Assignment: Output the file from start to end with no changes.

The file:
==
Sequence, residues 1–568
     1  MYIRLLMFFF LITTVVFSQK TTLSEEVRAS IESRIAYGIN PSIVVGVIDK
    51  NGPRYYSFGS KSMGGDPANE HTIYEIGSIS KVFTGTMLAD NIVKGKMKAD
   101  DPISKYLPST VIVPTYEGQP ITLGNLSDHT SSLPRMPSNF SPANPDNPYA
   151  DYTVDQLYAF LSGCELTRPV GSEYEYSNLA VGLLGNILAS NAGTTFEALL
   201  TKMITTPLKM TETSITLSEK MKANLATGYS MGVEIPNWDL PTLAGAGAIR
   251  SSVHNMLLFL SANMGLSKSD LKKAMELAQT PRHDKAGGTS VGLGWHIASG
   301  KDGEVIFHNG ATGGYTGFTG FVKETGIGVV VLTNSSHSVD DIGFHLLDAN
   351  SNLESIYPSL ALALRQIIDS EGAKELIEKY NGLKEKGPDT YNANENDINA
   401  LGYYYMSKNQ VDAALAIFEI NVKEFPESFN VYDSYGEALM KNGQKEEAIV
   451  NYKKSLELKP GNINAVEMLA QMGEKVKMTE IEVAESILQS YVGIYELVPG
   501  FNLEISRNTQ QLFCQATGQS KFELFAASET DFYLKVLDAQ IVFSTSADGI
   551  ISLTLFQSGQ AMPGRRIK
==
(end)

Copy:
Sequence, residues 1–568
     1  MYIRLLMFFF LITTVVFSQK TTLSEEVRAS IESRIAYGIN PSIVVGVIDK
    51  NGPRYYSFGS KSMGGDPANE HTIYEIGSIS KVFTGTMLAD NIVKGKMKAD
   101  DPISKYLPST VIVPTYEGQP ITLGNLSDHT SSLPRMPSNF SPANPDNPYA
   151  DYTVDQLYAF LSGCELTRPV GSEYEYSNLA VGLLGNILAS NAGTTFEALL
   201  TKMITTPLKM TETSITLSEK MKANLATGYS MGVEIPNWDL PTLAGAGAIR
   251  SSVHNMLLFL SANMGLSKSD LKKAMELAQT PRHDKAGGTS VGLGWHIASG
   301  KDGEVIFHNG ATGGYTGFTG FVKETGIGVV VLTNSSHSVD DIGFHLLDAN
   351  SNLESIYPSL ALALRQIIDS EGAKELIEKY NGLKEKGPDT YNANENDINA
   401  LGYYYMSKNQ VDAALAIFEI NVKEFPESFN VYDSYGEALM KNGQKEEAIV
   451  NYKKSLELKP GNINAVEMLA QMGEKVKMTE IEVAESILQS YVGIYELVPG
   501  FNLEISRNTQ QLFCQATGQS KFELFAASET DFYLKVLDAQ IVFSTSADGI
   551  ISLTLFQSGQ AMPGRRIK